Tuesday, December 10, 2013

Minecraft, Virginia Tech’s Production of OPERAcraft, and what this all has to do with Writing for Kids

Over the weekend, my family and I made the 3-hour trek to Virginia Tech University in Blacksburg, Virginia, to see a live performance of OPERAcraft The Surface: A World Above, the first-ever opera developed around Minecraft. For readers who may not know, Minecraft is an online world-building game that allows players to create, explore, and defend virtual worlds made of blocks. (This is a simplified explanation that will surely not meet my boys’ approval, but there it is in a nutshell!☺)    

In a unique and creative meeting of the minds, faculty and students from the music and engineering departments at Virginia Tech collaborated with local high school students to create and perform a virtual opera. Here is a more detailed explanation from the creators of the project:
Starting with music borrowed from Mozart operas and a specific number of characters, the project inspires high school students to create a story and then the libretto (the opera’s “script”); create the virtual set through a custom version of ubiquitous Minecraft video game/sandbox; create avatars for each character; and control said avatars within the confines of the virtual world, including body gestures, lip-syncing with real singing soloists, as well as multiple real-time camera feeds akin to that of a live video production. The interactive set is projected on a scrim while Virginia Tech music majors sing the finalized score and the high school students control the character avatars.*   

To view the performance, press play or click here for a link that also includes comments from the creators. The first 12 minutes or so of this video is preshow feed, and the actual opera starts about 12 to 13 minutes in, so fast forward if you'd like. 

In contemplating this post, I considered whether or not this unique performance was at all related to the general subject of my blog—writing for children. (Obviously) I decided that YES, it certainly is; first of all, OPERAcraft was written and developed in collaboration with teenagers and for audiences of all ages, including children. Secondly, this performance did what the best material written for kids always does—it engaged its young audience. As a music lover and supporter of the creative arts, I was thrilled to see my two 11-year-old boys (and many others!) enthralled by an actual opera being performed by classically trained musicians. I am still marveling over this fact! Thirdly, this performance proved that “thinking outside of the box” can result in truly amazing things, and don’t we, as writers, need to stretch our creative muscles in different ways to produce our very best work?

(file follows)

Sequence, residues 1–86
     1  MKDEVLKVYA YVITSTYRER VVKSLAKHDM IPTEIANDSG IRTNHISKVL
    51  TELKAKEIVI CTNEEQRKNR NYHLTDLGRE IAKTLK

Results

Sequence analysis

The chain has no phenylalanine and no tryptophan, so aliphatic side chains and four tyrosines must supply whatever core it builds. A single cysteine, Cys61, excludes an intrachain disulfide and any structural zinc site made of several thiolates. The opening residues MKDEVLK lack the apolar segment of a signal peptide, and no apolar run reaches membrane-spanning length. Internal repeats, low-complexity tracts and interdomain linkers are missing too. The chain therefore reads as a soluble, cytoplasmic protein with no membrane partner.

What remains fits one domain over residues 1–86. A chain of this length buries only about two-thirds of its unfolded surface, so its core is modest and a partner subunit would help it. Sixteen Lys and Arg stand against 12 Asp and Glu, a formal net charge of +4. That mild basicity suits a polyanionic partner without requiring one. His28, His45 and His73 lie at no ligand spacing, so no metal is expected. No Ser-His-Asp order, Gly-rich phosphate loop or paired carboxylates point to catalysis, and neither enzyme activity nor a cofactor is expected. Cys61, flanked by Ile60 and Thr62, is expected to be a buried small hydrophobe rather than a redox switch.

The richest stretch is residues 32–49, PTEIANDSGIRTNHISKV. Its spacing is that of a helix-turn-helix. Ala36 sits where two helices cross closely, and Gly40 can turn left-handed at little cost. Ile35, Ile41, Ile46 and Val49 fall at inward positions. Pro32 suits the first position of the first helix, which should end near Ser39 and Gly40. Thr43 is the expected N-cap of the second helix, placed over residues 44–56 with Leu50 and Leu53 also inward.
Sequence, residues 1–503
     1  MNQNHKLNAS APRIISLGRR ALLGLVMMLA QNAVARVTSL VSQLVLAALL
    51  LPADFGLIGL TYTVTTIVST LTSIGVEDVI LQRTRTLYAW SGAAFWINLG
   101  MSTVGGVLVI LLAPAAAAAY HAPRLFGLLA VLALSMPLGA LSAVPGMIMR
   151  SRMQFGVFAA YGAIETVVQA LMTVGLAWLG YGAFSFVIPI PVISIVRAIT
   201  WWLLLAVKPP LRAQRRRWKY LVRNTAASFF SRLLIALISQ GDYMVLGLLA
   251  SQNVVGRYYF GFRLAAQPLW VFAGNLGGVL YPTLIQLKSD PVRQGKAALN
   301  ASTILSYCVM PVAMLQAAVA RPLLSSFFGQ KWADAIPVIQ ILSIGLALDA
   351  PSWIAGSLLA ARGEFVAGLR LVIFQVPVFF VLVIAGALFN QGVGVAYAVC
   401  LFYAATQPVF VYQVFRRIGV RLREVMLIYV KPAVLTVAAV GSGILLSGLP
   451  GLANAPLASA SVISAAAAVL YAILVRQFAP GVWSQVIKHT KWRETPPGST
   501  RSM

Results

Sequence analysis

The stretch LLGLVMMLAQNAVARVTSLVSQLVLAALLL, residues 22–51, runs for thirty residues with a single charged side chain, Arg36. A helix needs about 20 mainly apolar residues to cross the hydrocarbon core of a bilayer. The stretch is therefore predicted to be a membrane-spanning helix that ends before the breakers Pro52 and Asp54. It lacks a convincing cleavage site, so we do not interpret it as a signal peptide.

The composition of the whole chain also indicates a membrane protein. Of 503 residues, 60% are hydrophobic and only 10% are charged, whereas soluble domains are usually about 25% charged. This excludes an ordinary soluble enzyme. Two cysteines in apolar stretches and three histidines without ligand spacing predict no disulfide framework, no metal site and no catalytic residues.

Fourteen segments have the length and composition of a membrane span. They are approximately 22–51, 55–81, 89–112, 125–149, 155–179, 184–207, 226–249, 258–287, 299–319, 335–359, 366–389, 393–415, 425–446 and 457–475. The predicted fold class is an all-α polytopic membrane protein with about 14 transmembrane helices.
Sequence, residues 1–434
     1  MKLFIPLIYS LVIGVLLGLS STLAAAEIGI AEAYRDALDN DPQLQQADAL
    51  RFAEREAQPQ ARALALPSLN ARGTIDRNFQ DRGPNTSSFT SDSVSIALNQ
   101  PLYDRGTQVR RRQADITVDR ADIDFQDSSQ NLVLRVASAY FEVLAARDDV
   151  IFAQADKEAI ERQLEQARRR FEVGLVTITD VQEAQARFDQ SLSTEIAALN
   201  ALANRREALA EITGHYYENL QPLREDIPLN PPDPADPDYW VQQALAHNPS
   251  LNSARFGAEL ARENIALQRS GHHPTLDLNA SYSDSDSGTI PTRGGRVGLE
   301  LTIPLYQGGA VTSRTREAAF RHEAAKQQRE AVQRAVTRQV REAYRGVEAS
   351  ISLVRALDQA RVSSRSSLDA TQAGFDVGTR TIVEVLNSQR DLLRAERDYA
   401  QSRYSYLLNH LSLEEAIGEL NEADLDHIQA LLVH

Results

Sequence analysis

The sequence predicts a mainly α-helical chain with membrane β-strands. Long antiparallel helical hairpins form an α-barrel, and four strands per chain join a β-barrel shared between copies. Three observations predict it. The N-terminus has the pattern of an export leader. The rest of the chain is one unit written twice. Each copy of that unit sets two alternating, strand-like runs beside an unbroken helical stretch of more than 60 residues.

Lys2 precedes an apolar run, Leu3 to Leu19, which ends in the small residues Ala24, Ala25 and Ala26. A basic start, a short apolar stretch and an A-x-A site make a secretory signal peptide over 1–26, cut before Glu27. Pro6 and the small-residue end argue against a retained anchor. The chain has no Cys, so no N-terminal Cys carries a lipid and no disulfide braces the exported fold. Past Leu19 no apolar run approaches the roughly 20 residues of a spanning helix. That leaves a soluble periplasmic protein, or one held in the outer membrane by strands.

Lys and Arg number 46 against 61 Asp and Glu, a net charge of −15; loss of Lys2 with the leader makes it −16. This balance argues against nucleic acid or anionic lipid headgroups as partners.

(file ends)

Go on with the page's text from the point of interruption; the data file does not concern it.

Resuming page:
I will add, in the spirit of full disclosure, that there have been *many* times when harmony has been disrupted at my house due to Minecraft. My sweet boys are borderline obsessed with the game, and strict computer limits have been put in place so that real life doesn’t become displaced by their virtual adventures. As in everything, moderation is key. Which brings me to the main reason why I welcomed an opportunity to watch this wonderful performance—it helped me to understand one of their passions in a way I haven’t before, and comprehend a bit better the draw that Minecraft has for my kids. It was just a bonus that a world-class opera was the facilitator of this understanding!  
Happy Writing!    
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*Special thanks to Virginia Tech University for granting permission to use material from their OPERAcraft program in this post. OPERAcraft was funded by the Institute for Creativity, Arts, and Technology at Virginia Tech; supported through the institute’s IMPACT studio; and presented in its stunning new facility. For more information about the Institute for Creativity, Art, and Technology, please click here.

4 comments:

  1. What fun! It's certainly a clever way to bring two things together that you wouldn't ever think you'd see a pairing of. I can't wait until my little guy is old enough to get to do these types of fun outings.

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  2. This is already changing the way people tell stories... fascinating.

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  3. I couldn't get it to work for me, but are you by chance in the NoVA area. We started a NoVA writers facebook group recently as an offshoot of PiBoIdMo if you are interested in bookish info in the NoVa area and write-ins and such.

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  4. !! That is a terrific project -- such an unexpected mix of genre and subject! I am from Blacksburg (my parents met at VT), so it is especially nice to hear about a hometown event :-)

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